The Wall Street Journal reports shocking news
from Disney this morning. CEO Bob Chapek, recently signed to a contract extension by the board, has stepped down effective immediately. Former CEO Bob Iger will return to take the reins. Iger, of course, presided over a long period of strong performance at the company. However, Disney has struggled along multiple dimensions since his departure. Iger's return prompted me to consider how "boomerang" CEOs have performed. We all know about the high-profile success stories, such as Steve Jobs returning to Apple long after he was dismissed. Is that strong return the norm or the exception?
Christopher Bingham, Bradley Hendricks, Travis Howell, and Kalin Kolev studied this question and published their findings in the MIT Sloan Management Review two years ago. They found that, "Boomerang CEOs indeed performed significantly worse than other types of CEOs. On average, the annual stock performance of companies led by boomerang CEOs was 10.1% lower than their first-stint counterparts. These results held true even when we compared them with other (non-boomerang) CEOs who were hired in times of crisis."
Why might boomerang CEOs struggle, on average, during their return? First, they might be trying to apply a tried-and-true formula for success, yet conditions and circumstances may have fundamentally changed since their initial departure. Second, decisions late in their initial tenure actually may have caused some of the downturn in performance after their departure. Owning up to that fact may be challenging for many leaders. Third, the team at the top may have changed significantly since their first tenure. Their earlier success may have had as much, if not more, to do with those talented team members as it did with their own capabilities. Fourth, the new skills required to thrive in the current environment may not match the leaders' strengths. Finally, perhaps the returning leader may not be as open to divergent perspestives as he or she once was. As Iger himself noted in his book,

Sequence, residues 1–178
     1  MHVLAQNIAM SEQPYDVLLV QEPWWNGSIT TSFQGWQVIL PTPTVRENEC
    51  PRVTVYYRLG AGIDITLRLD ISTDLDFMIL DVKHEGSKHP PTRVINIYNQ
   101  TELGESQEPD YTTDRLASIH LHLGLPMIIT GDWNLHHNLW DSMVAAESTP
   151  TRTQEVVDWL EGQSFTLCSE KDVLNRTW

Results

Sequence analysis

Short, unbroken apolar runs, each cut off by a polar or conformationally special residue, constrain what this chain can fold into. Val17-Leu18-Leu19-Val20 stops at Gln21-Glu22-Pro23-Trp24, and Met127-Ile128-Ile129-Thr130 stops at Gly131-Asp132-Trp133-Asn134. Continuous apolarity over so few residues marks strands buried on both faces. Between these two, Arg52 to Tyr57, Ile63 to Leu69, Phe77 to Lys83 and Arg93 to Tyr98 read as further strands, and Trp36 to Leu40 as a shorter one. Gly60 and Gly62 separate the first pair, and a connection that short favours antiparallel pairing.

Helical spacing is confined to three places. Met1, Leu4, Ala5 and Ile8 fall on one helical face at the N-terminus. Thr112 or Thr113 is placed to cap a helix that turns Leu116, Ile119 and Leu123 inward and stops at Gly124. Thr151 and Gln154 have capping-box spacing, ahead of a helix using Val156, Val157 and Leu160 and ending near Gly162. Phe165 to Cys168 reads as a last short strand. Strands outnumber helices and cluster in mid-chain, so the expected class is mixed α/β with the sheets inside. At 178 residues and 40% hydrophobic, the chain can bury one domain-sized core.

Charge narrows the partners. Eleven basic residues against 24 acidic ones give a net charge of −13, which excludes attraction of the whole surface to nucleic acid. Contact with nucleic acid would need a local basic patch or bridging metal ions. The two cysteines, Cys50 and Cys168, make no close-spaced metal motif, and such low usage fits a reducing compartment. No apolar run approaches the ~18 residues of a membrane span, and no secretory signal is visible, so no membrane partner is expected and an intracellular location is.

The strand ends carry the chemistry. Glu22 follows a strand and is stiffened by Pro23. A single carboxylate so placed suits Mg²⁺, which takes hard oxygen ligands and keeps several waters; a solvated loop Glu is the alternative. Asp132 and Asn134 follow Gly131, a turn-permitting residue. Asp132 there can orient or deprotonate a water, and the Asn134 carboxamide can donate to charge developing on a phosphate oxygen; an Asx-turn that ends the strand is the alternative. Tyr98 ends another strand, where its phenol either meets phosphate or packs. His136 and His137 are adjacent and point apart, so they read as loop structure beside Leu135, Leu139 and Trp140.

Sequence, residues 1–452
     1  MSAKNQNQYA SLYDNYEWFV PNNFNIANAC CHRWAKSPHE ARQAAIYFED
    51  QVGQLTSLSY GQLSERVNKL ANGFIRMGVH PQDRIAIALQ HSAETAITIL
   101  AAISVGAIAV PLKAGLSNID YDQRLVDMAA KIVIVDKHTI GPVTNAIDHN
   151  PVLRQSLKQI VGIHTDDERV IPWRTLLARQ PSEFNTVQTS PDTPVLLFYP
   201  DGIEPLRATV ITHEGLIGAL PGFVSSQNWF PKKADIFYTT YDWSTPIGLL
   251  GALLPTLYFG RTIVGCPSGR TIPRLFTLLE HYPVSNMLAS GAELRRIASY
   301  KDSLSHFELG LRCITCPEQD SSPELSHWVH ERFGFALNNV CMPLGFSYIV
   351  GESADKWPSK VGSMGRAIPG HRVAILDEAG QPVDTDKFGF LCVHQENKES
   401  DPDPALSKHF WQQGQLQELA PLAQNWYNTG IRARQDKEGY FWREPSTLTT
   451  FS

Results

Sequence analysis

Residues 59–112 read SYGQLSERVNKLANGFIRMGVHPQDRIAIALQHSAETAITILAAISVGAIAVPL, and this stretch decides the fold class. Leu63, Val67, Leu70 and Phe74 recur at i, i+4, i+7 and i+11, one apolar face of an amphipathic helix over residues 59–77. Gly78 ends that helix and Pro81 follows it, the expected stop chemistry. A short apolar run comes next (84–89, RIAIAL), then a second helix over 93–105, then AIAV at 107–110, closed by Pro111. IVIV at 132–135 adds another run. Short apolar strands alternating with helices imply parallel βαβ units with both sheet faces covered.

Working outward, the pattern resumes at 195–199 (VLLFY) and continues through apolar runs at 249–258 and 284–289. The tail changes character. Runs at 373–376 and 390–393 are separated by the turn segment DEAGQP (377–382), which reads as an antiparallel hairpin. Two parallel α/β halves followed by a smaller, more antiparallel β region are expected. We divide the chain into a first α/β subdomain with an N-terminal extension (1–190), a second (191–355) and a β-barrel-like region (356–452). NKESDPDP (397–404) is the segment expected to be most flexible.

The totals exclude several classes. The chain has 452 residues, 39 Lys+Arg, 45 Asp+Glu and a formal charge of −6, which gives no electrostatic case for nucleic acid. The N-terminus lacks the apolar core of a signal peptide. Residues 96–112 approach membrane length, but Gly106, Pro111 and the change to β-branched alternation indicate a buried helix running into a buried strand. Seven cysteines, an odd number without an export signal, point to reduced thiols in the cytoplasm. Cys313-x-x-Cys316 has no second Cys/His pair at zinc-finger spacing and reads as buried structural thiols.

"It’s not good to have power for too long. You don’t realize the way your voice seems to boom louder than every other voice in the room. You get used to people withholding their opinions until they hear what you have to say. People are afraid to bring ideas to you, afraid to dissent, afraid to engage. This can happen even to the most well-intentioned leaders. You have to work consciously and actively to fend off its corrosive effects.
Boards and returning leaders must, of course, also acknowledge the fact that they did not manage the succession well. In essence, the boomerang CEO has some responsibility for having failed in one of the last crucial tasks faced during his or her initial tenure: a smooth transition for the successor. Now, the boomerang CEO has to not only right the ship, but find a way to improve the succession and transition the next time he or she steps down. Again, it's interesting to read Iger's own words:
We all want to believe we’re indispensable. You have to be self-aware enough that you don’t cling to the notion that you are the only person who can do this job. At its essence, good leadership isn’t about being indispensable; it’s about helping others be prepared to step into your shoes—giving them access to your own decision-making, identifying the skills they need to develop and helping them improve, and sometimes being honest with them about why they’re not ready for the next step up.